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Old School Attitudes Weighing Down New Age of MLB

old school attitudes weighing down new age of mlb
Credit-SNY/USA TODAY/FOX/Joker Mag Illustration

Commissioner Rob Manfred has made it a priority in his tenure to speed the pace of play up in Major League Baseball. He’s instituted a mound visit limit per game, and has reduced the amount of time between innings to two minutes and five seconds.

We’ve also seen a pitch clock experiment go into effect throughout the minor leagues, which seems all but destined for the Majors. But why implement these changes to America’s pastime?

One of the main reasons is baseball has made it a focus to draw a younger audience to the sport. The average viewer of Major League Baseball is 57 years of age. Just 7% of MLB’s audience is below 18 years of age.

This is significantly older than the other major sports that baseball competes with. The NFL (50), NHL (49), and NBA (42) all have considerably younger fanbases. The MLB sees the issue they have on the horizon, but are they making changes in the correct ways?

We are in the midst of witnessing perhaps the greatest generation of young talent in major league history, led by Mike Trout, Mookie Betts, Aaron Judge, Manny Machado, Bryce Harper, Francisco Lindor, José Ramírez, Juan Soto, Ronald Acuña, Javier Báez, Alex Bregman, Carlos Correa, and a number of other players who deserve mention. Trout is the elder, having just turned 27.

Alex Bregman fires a throw from third base in Game 7 of the World Series at Dodger Stadium in Los Angeles on November 1st, 2017

Credit-Kevork Djansezian/Getty Images

We aren’t just seeing a youth movement on the field. We’ve also seen it in the dugout. Teams have hired numerous managers with little to no managerial experience, and relatively young when compared to the average manager’s age. Kevin Cash, Alex Cora, Aaron Boone, Gabe Kapler, Craig Counsell and Andy Green all fit the bill, each in their early to mid-40’s.

With such an emphasis on youth, new-age analytics, and an overall change/evolution to our game, why must we be stuck listening to the old, tired, and just downright wrong takes of the past?

Just in the past few weeks, multiple incidents occurred in the booth that simply don’t align with the new age of Major League Baseball. It’s important that we rid ourselves of the outdated, old school approach.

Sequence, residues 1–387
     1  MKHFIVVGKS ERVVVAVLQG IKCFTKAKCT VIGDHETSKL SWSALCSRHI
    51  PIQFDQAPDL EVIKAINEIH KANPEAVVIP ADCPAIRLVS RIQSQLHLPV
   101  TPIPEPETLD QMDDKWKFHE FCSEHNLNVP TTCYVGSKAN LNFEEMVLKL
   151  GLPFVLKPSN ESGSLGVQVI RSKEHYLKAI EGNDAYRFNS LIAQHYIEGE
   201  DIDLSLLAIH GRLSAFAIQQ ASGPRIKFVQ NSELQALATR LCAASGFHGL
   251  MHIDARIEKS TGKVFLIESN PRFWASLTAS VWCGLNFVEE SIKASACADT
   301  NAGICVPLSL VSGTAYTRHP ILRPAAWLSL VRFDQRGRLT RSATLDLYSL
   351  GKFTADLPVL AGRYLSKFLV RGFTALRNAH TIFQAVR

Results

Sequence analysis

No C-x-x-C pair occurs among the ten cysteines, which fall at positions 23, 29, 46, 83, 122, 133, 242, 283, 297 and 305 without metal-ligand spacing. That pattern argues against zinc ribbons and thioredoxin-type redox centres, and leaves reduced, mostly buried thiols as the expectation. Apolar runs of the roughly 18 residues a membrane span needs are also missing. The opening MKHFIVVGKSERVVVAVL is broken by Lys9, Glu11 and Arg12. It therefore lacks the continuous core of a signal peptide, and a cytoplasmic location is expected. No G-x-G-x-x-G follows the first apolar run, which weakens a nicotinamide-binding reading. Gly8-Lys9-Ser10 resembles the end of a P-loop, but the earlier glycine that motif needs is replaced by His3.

We’ve had enough of the “get off my lawn” and “old man yells at cloud” takes.

Keith Hernandez – New York Mets Broadcaster

The Mets are terrible on the field, but it appears they are even worse in the booth. Hernandez asserts that Acuña deserved to be thrown at for being too good at baseball.

Not for breaking an unwritten rule, or a takeout slide, or showboating. Nope, Hernandez believes Acuña deserved his beanball due to the fact that he previously hit 3 homeruns in his series versus Miami.

Hernandez also seems completely unconcerned with Acuña’s personal well-being after being plunked by a 97 mph fastball directly on the elbow.

Can a broadcaster seriously say that a player deserved his injury in any other sport and still keep your job?

Joe Simpson – Atlanta Braves Broadcaster

Joe Simpson made headlines less than 2 weeks apart. He had the nerve to complain about the Dodgers BP attire pregame, which consisted of blue t-shirts.

He made it a point to call out Chase Utley of all people, who was wearing a K Cancer shirt. Simpson called it “embarrassing” and “unprofessional.”

But perhaps his biggest blunder was to insinuate Juan Soto is lying about his age. It’s almost as if Joe can’t believe a player so young can be so good.

Ronald Acuña must be lying about his age too, then, right Joe?

Jeff Francoeur – Atlanta Braves Color Commentator

Ah, the dreaded home run. You’re better than this, Jeff.

It appears Joe Simpson has already rubbed off on his peers in a negative way.

What’s the worst piece of commentary you’ve heard during a baseball game? Comment below.

Written By

Maryland Native and McDaniel College alum. Former Division 3 baseball player. Current Vice President of his family-owned business in the waste industry.



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